Empathy and Purpose in Brand Momentum
Same-Sex Marriage Vote: The Role Empathy and Purpose Play in Brand Momentum
With the welcome news of the same-sex marriage survey results hot off the press, the role of empathy and the power of purpose for brands is particularly pertinent and a trend which can’t be ignored.
There’s no doubt that the way Australians are consuming entertainment and media is changing to reflect sociopolitical issues. We’ve seen empathy become a key stakeholder in global branding and audience engagement. Campaigns centered on key sociopolitical and socioeconomic issues allow organisations to harness the power of empathy and align consumer drivers with company initiatives.
A great example of this in the last few months has been the response from brands to the same-sex marriage debate in Australia. The NRL took a public stand by inviting Macklemore to sing ‘Same Love’ at the NRL Grand Final and further demonstrated their support by displaying statements such as ‘We Stand For Inclusiveness’ on the screens around the stadium.
Despite much political furor at the time, a survey conducted by YouGov and Monash University’s Behavioural Science Lab found that majority of sports fans were happy that the organisation pledged their public support for marriage equality. In fact, the survey found that up to three quarters of ‘superfans’ (74% of rugby, 62% NRL and 61% of AFL superfans) believed it was right for sporting bodies to publicly advocate for gay rights and same-sex marriage.
Researchers commented that the fan base, particularly millennials, cared deeply about the issue and felt their sports organisation should demonstrate that they cared as well. The NRL didn’t bow to political pressure, instead they stuck to their guns and came out stronger because of it. Empathy matters.
Qantas boss Alan Joyce, a major advocate for marriage equality, also believes that businesses have a role to play in lending their support to a range of social issues such as the same-sex marriage. Brands and media outlets must ensure they understand how their brand messages are felt within the context of any sociopolitical conversation and continue to evaluate how their company values are being reflected in what they do and say.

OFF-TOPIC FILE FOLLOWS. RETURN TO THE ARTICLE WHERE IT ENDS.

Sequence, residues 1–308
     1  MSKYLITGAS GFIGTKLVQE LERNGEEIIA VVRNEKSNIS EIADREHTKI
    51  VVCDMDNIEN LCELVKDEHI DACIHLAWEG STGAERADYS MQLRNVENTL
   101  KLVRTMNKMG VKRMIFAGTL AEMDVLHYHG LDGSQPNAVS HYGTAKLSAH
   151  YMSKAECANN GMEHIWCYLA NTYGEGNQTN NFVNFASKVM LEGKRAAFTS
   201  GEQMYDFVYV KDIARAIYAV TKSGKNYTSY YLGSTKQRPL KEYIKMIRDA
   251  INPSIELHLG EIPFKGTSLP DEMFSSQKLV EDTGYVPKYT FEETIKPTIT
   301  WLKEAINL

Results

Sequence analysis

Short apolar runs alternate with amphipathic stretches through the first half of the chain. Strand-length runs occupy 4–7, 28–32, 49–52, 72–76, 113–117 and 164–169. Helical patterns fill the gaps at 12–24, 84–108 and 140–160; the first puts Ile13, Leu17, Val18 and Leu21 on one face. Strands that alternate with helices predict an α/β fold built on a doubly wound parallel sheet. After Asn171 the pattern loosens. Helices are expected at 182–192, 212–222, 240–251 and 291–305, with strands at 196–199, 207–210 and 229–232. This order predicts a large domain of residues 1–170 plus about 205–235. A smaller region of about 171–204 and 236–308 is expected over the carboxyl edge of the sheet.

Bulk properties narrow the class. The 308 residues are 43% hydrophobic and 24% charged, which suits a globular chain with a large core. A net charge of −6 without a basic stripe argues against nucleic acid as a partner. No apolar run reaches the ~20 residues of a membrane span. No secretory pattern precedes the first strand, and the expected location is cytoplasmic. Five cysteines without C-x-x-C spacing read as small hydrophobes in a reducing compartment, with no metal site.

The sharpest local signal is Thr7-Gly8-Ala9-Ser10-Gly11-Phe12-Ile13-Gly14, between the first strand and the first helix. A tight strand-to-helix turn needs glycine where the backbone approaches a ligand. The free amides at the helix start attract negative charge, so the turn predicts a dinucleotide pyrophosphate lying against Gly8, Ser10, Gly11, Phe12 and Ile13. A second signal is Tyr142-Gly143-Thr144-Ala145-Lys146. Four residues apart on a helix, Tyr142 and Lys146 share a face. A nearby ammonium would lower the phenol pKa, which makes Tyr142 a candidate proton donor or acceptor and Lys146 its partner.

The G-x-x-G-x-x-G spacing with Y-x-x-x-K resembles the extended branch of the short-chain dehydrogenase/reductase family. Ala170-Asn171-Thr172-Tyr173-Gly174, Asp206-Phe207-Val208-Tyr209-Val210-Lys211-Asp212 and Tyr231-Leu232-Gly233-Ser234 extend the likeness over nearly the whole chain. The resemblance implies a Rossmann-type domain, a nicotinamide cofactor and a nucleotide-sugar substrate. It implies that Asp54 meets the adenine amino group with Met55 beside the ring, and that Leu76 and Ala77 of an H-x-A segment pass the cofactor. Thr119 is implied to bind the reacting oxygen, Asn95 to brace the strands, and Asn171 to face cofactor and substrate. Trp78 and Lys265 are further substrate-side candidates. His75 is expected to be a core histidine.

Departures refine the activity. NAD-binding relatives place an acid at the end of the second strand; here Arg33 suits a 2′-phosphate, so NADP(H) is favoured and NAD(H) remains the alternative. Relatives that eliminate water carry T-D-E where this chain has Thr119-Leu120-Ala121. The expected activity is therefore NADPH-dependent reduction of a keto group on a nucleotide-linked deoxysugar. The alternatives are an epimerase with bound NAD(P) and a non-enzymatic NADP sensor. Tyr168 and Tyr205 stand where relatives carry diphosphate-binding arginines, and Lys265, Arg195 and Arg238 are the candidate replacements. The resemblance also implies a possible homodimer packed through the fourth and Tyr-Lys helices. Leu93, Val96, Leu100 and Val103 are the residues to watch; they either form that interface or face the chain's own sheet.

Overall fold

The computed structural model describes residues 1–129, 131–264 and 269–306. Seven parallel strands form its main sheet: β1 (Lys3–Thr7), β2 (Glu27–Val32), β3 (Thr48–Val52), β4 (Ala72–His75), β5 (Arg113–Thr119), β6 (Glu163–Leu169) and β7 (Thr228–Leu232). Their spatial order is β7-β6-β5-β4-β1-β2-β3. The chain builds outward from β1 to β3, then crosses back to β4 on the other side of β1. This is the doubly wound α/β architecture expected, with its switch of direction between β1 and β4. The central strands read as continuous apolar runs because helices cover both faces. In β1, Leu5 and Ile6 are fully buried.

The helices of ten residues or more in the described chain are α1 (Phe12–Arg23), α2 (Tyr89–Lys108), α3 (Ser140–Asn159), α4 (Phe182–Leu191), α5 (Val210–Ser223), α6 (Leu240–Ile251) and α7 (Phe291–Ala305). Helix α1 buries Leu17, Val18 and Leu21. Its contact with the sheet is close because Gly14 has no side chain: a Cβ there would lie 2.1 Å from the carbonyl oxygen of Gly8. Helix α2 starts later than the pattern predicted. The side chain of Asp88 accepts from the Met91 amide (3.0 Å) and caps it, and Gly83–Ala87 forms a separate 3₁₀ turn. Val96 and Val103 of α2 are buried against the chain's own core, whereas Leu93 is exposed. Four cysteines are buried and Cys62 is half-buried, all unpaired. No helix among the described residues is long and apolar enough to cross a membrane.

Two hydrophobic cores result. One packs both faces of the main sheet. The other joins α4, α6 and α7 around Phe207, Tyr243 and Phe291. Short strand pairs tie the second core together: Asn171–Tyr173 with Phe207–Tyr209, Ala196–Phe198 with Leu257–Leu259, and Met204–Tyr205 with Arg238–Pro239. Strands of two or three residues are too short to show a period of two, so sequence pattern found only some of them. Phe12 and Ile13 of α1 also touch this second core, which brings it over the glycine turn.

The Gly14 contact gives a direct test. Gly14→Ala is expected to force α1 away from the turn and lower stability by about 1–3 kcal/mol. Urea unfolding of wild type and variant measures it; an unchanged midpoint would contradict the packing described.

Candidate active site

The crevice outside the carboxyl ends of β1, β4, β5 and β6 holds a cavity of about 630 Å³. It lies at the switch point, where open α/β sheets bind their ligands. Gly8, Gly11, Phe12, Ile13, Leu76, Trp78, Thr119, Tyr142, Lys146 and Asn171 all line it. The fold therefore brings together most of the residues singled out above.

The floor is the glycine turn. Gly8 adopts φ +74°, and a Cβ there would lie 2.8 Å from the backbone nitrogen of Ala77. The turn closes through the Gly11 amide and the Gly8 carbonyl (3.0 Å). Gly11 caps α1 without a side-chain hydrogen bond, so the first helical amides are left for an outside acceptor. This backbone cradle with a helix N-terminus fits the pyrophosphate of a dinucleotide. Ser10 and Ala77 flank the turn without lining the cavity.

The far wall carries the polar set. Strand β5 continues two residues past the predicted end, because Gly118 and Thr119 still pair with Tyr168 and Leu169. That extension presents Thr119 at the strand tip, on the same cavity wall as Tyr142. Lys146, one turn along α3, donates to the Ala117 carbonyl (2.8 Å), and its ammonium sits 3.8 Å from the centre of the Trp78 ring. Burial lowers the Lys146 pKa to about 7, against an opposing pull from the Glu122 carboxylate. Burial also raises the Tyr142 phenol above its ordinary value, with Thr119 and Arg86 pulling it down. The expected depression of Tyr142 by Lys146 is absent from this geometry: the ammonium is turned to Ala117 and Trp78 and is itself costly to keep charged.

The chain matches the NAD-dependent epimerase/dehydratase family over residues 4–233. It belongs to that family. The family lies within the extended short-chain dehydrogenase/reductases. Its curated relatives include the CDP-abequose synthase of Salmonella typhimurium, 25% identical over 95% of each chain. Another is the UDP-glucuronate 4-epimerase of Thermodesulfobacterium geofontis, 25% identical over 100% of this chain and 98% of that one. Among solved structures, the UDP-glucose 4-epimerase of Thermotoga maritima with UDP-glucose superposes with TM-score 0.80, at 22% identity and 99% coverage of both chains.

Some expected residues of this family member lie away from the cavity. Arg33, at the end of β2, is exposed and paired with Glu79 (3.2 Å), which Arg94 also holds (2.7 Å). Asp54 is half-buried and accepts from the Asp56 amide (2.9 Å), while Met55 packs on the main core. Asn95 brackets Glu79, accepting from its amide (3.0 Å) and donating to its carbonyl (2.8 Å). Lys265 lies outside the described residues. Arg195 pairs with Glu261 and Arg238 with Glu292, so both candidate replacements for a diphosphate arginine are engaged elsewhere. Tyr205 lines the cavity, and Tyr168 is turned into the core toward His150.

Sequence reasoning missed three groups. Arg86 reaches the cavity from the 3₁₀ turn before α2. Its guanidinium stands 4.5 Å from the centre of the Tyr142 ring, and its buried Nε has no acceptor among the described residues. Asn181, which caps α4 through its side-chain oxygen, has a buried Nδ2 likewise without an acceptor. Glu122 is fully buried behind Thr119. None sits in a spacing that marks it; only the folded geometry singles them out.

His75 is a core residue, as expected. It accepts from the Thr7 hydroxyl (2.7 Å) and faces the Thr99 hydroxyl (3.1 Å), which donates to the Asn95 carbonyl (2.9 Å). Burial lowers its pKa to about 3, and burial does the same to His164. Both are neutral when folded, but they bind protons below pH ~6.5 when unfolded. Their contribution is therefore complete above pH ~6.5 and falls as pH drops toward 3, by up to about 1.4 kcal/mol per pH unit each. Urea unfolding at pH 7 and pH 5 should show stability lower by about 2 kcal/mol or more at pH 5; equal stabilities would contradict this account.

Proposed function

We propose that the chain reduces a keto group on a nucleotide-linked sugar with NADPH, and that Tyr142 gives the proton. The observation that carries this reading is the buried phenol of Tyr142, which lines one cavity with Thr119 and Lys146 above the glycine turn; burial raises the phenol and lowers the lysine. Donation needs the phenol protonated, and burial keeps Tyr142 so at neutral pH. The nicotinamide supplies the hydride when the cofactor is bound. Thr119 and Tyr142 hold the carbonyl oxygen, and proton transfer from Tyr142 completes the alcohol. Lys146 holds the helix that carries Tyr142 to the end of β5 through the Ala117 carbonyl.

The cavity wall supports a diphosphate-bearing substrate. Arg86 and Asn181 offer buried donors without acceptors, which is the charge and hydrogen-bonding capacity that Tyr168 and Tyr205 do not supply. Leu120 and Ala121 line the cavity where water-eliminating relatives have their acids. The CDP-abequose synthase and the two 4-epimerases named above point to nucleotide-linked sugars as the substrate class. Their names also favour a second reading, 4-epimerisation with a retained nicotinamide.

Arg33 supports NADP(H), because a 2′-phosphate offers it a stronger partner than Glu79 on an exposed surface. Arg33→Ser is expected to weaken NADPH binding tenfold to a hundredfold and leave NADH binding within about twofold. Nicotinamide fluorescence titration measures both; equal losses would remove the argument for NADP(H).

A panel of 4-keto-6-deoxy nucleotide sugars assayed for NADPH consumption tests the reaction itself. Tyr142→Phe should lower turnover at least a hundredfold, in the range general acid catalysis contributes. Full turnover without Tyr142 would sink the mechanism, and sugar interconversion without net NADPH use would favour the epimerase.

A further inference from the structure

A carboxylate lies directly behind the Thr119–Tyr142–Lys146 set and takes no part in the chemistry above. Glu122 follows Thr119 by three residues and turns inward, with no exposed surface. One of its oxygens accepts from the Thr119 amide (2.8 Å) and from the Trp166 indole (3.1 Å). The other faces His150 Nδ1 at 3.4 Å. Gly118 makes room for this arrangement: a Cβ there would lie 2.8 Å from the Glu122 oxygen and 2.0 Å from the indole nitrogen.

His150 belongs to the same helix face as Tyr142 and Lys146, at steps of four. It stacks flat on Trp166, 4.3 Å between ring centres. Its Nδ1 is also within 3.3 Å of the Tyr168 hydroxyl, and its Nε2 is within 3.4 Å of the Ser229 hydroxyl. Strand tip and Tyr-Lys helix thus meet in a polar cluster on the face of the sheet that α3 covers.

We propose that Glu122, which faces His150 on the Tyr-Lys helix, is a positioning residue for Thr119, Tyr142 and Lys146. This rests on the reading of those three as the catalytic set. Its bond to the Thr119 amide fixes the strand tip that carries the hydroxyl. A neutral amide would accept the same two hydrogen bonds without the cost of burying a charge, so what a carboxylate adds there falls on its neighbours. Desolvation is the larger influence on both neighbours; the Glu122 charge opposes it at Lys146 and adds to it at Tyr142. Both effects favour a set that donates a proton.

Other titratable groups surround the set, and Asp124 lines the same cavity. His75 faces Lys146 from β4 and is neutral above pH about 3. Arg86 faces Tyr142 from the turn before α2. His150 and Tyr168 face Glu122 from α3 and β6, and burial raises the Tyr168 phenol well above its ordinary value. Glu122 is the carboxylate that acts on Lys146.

We’re also seeing the power of purpose globally. According to WE CEO Melissa Waggener Zorkin, 63% of consumer correspondents in WE’s Brands in Motion study believe that the government should be responsible for stability. With the recent onslaught of political turmoil around the world, consumers are turning to brands for security. This means that consumers are looking to brands to establish calls-to-action, take a stand and ‘build momentum through belief and conviction’.
Sportswear Company Under Armour demonstrated their brand purpose when they recently signed Yusra Mardini, a Syrian refugee and Olympic swimmer, for an endorsement deal. Under Armour is working to prove that they practice what they preach in their mission statement, which is to ‘perpetuate willpower and passion through the relentless pursuit of innovation’. Mardini, who fled her country for safety and had to swim for hours in the choppy sea to push her boat to safety, clearly demonstrates the values that brand is trying to align with.
So what does this mean for brands Down Under? Consumers are looking to brands and media outlets to provide a sense of social stability, through powerful extrinsic messaging and strong moral conviction. By pinpointing your brand purpose and championing a cause, your brand can reach consumers in a deeper, more authentic and thought-provoking way.
Why brands need to be human to the core to thrive